Marry the Man Today from Guys and Dolls.

I'd mention That's Your Funeral from Oliver!, but the musical is so edgy in its dark humor that I find it's hard to get a laugh from it (it was cut almost immediately, that may be why.)

Noel Katz said...

I immediately thought of Markell and Bernstein’s Something (Upstairs at O'Neals): the teacher Morales complained about in A Chorus Line returns from beyond the grave to complain about her. Viewing all of Nothing’s story beats from the opposite view is, I think, an inherently funny idea. Larry O’Keefe’s Sensitive Song starts out like the world’s sweetest, sappiest ballad, and then shocks us by becoming a vehement tirade against the “skanky whore” the singer’s dumping. Both of these songs have listeners falling on the floor in hysterics; NOT mere chuckles and smiles.
But they're not from book musicals. Here are some that are:

Big Ass Rock (The Full Monty)
Butler's Song (So Long 174th Street)
David Kolowitz, the Actor (So Long 174th Street)
Everyone's a Little Bit Racist (Avenue Q)
Fish (The Apple Tree)
Gooch's Song (Mame)
If You Were Gay (Avenue Q)
I Get Embarrassed (Take Me Along)
Jubilation T. Cornpone (Li'l Abner)
Love Is My Legs (Dirty Rotten Scoundrels)
Lovely (reprise) (...Forum)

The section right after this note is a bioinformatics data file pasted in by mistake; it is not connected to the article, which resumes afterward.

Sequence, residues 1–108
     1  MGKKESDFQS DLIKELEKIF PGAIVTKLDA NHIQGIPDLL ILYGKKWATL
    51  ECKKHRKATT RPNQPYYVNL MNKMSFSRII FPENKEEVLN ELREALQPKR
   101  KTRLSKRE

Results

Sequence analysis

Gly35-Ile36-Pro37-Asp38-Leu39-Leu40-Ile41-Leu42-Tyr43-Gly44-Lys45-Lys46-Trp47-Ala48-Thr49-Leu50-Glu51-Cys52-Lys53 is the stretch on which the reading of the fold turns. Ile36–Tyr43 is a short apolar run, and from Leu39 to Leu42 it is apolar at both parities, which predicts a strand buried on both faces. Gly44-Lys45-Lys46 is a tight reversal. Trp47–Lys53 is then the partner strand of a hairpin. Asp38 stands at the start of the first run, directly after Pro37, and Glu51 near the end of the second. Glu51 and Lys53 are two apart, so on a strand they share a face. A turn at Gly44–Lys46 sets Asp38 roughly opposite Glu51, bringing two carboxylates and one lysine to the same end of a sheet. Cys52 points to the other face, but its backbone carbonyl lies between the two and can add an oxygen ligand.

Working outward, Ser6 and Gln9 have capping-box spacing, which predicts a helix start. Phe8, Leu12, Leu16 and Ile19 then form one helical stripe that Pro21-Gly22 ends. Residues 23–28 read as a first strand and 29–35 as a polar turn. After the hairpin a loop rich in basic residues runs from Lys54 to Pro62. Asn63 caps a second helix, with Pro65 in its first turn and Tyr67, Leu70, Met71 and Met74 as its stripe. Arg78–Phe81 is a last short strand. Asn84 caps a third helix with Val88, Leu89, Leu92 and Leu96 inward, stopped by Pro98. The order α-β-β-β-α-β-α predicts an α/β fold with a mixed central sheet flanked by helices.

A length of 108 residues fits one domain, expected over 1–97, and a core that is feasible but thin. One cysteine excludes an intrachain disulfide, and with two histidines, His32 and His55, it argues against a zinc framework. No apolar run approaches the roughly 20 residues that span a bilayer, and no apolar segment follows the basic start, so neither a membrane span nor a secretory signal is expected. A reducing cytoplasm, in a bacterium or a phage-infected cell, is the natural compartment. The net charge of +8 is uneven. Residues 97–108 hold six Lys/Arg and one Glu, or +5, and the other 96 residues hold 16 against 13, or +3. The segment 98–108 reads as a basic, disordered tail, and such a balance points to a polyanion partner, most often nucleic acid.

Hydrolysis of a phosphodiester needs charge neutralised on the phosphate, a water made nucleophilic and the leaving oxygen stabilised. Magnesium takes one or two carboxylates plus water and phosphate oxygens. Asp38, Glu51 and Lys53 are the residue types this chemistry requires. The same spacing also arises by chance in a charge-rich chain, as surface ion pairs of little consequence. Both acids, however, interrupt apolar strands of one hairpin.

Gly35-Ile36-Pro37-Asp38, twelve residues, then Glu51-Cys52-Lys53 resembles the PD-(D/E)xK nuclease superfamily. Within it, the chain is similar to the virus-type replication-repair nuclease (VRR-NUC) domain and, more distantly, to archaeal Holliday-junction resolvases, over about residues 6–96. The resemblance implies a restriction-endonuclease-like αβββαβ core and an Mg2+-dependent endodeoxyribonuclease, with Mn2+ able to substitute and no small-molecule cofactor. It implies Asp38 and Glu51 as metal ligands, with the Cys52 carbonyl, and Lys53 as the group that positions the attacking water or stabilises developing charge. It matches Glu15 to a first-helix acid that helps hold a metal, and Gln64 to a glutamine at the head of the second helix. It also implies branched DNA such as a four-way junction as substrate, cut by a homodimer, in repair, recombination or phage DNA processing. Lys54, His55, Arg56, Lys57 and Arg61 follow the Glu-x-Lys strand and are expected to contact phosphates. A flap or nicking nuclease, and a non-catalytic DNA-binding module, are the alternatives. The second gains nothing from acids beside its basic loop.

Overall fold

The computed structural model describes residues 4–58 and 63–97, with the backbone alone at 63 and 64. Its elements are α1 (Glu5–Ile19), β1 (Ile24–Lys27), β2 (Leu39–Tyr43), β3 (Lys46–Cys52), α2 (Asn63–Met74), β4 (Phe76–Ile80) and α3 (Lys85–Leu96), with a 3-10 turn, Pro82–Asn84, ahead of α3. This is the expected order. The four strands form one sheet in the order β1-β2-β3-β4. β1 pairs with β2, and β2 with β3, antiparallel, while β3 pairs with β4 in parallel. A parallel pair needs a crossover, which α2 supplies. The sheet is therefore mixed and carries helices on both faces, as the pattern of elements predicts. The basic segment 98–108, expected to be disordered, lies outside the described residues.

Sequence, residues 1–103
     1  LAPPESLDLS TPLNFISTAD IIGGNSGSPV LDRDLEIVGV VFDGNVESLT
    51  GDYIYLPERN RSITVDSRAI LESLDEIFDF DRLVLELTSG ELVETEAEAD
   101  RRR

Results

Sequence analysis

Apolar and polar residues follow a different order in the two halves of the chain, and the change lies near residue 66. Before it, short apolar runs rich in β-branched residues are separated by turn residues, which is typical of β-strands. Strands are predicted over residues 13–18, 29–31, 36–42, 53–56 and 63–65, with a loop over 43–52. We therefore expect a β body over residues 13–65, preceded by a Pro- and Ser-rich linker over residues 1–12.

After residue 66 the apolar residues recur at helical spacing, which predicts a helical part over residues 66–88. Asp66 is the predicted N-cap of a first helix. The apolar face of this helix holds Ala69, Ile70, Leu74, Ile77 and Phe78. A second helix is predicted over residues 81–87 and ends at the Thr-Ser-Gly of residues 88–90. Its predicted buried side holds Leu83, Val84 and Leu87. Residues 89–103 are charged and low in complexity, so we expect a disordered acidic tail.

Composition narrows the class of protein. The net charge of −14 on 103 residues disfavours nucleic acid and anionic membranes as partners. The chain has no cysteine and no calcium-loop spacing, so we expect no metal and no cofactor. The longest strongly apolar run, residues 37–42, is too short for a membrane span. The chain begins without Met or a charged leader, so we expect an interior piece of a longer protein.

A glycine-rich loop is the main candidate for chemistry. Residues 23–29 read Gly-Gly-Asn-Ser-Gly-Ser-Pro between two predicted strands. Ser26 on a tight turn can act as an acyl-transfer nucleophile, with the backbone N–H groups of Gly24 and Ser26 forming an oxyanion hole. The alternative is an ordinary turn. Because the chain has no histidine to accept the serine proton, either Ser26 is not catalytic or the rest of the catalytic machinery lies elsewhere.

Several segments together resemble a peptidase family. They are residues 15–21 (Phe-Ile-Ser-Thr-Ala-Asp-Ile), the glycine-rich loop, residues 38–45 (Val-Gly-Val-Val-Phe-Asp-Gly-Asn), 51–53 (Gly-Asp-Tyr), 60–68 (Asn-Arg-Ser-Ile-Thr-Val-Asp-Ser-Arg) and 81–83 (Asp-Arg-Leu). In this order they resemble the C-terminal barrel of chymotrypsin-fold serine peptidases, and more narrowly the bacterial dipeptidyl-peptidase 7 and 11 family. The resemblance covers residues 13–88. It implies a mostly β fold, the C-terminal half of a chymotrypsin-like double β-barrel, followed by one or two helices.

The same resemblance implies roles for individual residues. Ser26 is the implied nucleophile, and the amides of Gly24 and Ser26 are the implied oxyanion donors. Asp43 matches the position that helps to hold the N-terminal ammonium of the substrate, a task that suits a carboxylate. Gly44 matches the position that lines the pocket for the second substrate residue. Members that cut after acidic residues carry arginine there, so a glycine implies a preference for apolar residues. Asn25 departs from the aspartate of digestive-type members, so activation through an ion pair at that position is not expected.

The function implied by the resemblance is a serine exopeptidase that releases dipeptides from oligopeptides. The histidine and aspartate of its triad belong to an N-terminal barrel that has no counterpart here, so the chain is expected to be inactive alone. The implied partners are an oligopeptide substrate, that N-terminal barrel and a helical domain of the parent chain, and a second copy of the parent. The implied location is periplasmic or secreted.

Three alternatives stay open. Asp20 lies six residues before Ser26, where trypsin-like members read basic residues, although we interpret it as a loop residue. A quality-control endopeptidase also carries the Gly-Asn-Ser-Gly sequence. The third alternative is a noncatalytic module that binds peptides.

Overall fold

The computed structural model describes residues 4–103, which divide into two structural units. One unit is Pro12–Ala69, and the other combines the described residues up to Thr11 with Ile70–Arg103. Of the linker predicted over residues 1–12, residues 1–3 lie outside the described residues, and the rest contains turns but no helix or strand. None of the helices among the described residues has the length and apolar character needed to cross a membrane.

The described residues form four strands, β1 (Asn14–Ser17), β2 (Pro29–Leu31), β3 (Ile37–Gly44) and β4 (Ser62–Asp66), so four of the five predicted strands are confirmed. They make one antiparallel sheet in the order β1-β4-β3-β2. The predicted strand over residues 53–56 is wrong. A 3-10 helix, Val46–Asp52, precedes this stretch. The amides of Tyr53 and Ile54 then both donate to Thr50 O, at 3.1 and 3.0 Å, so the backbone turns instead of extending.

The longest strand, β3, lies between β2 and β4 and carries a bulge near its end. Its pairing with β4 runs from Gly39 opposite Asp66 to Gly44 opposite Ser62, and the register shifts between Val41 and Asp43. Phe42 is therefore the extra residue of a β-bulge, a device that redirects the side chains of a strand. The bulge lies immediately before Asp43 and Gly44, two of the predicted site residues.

Original Musical ([title of show])
You Can Be As Loud As the Hell You Want (Avenue Q)

Kasey said...

Does Tubular Boobular count? :P

stevef said...

"The Internet Is For Porn," Avenue Q.

Aaron Long said...

David Tomlinson's songs in "Mary Poppins" (maybe some other ones in it as well), as well as anything Rex Harrison sings in "Dr. Dolittle" or "My Fair Lady". I think it's the speak-singing, as stevef pointed out. So I guess it's kind of cheating. Anthony Newley's singing in Dolittle is also pretty funny.

I also like "Make 'Em Laugh" from "Singin' in the Rain", but I don't know if it's really the lyrics that make me laugh.

Most of the time it seems that the performances are make me laugh, rather than the lyrics.

Maybe Barney's suit song from How I Met Your Mother's 100th episode. And if we're counting songs from TV shows, the Simpsons has some funny ones.

Some Muppet songs are pretty funny, like "Movin' Right Along", "I Hope That Something Better Comes Along" and "Hey, a Movie!"

Jeff said...

"It's a Business" from "Curtains." Well, at least the spoken lines always kill me:

"I put on 'The Iceman Cometh'--and nobody came-eth!"

"For me the theater is a temple..."
"What, so it should only be filled on Shabbos?!"

Richard Heft said...

"If the Ku and the Klux and the Klan can,
Baby, you can can-can too!"